4. What lessons have you learned about working with stakeholders and practitioners?

The science is critical, but it is a very small part of the decision-making process. We’ve learned to be more realistic about the ways in which science gets used in decisions. Sometimes we’ve seen different kinds of “success” than we initial envisioned. Although we may start out with the ultimate objective of improving outcomes for people and the environment on which they depend, we have learned to recognize interim successes along the way. These include producing and publishing results from our analyses, changing dialogues, and seeing an imprint of our work in plans and policies.

Also, as we talked about earlier, it is really important to co-produce information for maximum relevance. This means you’ve got to listen carefully and be ready to change your approach and vision of outcomes to match their needs.

5. Do you have any parting words of wisdom for those of us trying to more effectively use science to effect meaningful change?

This is where the real magic happens. It is hard work. And it takes practice. But it is extremely rewarding to see your work actually making a difference. If this sounds appealing to you, roll up your sleeves and find ways to get engaged with real decisions. The world needs you.

Josh Lawler, a 2013 Leopold Leadership Fellow, is an associate professor in the School of Environmental and Forest Sciences at the University of Washington. Follow him on the web and on Twitter @jjjlawler.

Beyond “More Data Are Needed”: How Scientists Can Participate in the Policy Process

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Karen Lips admiring a red salamander (Pseudotriton ruber). A new chytrid fungus of salamanders has recently been discovered in Europe; infected imports of pet salamanders could threaten US salamander diversity. (photo: Carly Muletz)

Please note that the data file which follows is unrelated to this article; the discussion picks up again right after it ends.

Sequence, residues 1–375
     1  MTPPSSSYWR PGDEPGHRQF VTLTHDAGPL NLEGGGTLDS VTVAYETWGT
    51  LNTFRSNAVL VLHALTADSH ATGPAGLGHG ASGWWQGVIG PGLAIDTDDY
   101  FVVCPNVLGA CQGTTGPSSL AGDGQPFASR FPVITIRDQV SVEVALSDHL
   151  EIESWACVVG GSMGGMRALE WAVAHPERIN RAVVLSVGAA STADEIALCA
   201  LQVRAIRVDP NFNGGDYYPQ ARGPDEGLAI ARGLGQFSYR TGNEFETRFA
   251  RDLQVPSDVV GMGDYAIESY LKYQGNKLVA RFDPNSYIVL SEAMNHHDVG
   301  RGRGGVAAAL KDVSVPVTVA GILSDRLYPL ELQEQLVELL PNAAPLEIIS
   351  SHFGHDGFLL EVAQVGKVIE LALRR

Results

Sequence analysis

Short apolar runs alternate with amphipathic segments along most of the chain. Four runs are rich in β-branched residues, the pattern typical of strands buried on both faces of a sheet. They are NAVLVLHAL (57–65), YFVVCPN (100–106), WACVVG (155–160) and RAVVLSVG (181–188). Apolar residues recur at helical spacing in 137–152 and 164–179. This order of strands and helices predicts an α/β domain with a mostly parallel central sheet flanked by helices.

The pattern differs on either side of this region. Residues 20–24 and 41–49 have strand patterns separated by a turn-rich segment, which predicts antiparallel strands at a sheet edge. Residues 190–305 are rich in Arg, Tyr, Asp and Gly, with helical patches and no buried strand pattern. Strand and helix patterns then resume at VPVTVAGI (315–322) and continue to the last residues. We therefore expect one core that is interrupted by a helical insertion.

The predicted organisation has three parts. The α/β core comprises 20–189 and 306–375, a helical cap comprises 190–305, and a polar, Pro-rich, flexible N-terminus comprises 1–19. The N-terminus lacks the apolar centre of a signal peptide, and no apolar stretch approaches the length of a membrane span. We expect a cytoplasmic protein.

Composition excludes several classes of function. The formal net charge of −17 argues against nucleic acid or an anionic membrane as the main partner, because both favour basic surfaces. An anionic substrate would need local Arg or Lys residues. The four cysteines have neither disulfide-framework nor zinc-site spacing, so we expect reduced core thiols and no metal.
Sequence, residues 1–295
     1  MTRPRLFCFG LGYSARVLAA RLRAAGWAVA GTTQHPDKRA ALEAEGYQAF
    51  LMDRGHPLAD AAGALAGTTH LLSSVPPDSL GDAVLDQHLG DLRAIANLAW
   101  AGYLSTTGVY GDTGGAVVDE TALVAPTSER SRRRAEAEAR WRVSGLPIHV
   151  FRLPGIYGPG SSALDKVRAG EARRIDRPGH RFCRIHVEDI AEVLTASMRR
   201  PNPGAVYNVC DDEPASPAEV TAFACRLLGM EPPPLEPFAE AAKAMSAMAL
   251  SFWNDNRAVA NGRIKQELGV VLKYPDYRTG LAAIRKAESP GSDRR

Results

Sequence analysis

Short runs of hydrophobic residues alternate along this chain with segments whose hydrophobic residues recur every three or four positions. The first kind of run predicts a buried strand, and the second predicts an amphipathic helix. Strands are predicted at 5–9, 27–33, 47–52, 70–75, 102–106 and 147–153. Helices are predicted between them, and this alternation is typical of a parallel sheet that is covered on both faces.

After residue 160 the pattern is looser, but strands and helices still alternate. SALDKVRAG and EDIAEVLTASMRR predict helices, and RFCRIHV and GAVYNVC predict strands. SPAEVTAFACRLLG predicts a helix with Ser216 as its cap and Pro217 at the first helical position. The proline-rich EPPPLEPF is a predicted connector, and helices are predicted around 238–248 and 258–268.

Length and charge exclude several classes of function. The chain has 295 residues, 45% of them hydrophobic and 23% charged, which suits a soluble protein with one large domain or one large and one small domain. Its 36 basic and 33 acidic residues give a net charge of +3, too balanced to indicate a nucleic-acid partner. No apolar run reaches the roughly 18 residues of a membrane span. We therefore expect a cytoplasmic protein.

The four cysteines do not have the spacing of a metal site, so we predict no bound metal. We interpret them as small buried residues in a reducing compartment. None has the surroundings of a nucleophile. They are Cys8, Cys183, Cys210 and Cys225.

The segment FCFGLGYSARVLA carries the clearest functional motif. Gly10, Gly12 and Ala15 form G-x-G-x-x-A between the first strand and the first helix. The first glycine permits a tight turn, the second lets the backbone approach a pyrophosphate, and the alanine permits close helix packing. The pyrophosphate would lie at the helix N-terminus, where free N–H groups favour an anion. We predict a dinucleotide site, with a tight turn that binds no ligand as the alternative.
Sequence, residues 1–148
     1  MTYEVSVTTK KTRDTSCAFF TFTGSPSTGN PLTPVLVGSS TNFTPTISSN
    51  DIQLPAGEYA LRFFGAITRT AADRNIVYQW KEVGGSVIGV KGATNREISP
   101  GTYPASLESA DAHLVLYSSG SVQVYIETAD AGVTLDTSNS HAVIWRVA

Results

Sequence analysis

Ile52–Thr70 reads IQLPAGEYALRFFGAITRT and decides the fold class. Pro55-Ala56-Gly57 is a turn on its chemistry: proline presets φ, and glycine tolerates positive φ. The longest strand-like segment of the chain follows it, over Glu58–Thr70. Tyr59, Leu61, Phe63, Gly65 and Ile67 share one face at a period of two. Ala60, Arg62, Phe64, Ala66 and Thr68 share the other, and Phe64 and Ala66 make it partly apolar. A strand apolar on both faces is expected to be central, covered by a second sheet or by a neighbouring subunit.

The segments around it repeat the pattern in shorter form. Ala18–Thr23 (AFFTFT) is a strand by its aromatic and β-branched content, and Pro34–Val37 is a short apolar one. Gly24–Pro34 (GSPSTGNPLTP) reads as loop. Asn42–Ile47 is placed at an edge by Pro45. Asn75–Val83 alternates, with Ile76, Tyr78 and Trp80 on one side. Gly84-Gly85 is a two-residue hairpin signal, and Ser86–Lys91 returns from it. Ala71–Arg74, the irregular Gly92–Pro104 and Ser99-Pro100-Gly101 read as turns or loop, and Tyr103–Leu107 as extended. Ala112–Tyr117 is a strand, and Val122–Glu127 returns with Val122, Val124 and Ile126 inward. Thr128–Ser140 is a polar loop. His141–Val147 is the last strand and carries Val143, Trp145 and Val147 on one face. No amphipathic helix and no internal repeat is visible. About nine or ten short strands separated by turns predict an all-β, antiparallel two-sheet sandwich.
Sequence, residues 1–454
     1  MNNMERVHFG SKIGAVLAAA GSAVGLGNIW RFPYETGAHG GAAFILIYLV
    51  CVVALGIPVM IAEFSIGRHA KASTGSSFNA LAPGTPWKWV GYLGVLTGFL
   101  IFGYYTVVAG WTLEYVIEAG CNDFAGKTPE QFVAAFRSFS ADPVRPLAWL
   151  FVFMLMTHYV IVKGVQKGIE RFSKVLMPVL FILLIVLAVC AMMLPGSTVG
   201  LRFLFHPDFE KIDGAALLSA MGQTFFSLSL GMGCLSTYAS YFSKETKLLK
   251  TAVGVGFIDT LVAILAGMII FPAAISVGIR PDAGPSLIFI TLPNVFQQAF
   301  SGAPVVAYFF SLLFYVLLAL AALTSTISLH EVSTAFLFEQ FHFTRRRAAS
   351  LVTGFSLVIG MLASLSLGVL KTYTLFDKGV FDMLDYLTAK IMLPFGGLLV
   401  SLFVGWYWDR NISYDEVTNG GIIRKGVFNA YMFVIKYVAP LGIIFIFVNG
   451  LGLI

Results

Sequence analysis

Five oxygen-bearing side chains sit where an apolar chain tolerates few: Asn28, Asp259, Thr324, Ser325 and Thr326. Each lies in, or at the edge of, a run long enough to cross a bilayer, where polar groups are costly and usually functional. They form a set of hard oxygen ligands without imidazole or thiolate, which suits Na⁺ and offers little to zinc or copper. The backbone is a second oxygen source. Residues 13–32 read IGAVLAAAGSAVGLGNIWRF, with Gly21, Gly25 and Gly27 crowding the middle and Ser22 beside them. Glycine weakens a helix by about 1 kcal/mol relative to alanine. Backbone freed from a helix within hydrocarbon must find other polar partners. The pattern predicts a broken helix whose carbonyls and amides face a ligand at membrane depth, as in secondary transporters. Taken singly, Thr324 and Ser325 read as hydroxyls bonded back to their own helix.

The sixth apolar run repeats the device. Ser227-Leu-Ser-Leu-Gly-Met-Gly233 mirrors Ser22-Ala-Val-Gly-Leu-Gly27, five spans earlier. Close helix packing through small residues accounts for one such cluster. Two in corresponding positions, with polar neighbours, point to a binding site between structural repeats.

How exactly do you do policy? That was my question when I applied for the Leopold Advanced Training session on Hitting the Policy Mark last August. I signed up because I wanted to learn more about the policy process and how it might offer practical tools to reduce the loss of amphibians from invasive pathogens. While a graduate student and later as an assistant professor I had observed disease epidemics pass through several of my research sites and wipe out the amphibians. We had no idea of how to stop this disease, where it came from, or much about its biology. What we did know is that this microscopic fungus was devastating amphibian populations around the world, and the loss of all those amphibians was causing problems for the animals and ecosystems that depend on them. Worst of all, we saw little evidence that this disease could be eradicated once it was established at a site.

Clearly something needed to be done to stop the spread across the globe. For example, in the U.S. a federal regulation or other policy could be designed to allow us to test live animals in trade for disease, and then prevent them from escaping into the wild to infect other populations of amphibians. After some research I was surprised to learn that while polices exist to prevent the import of diseased livestock and agricultural pests (overseen by the US Department of Agriculture) and similar policies give the Center for Disease Control authority to control the arrival of human pathogens (like Ebola); no regulations exist that allow for disease surveillance of wildlife imports or that give US Fish and Wildlife Service the power to prevent the import of diseased wildlife. That’s right – any kind of wildlife, not just amphibians. This is a problem, and one that is likely to get worse with huge numbers of wildlife species traded globally and new infectious diseases being discovered every year.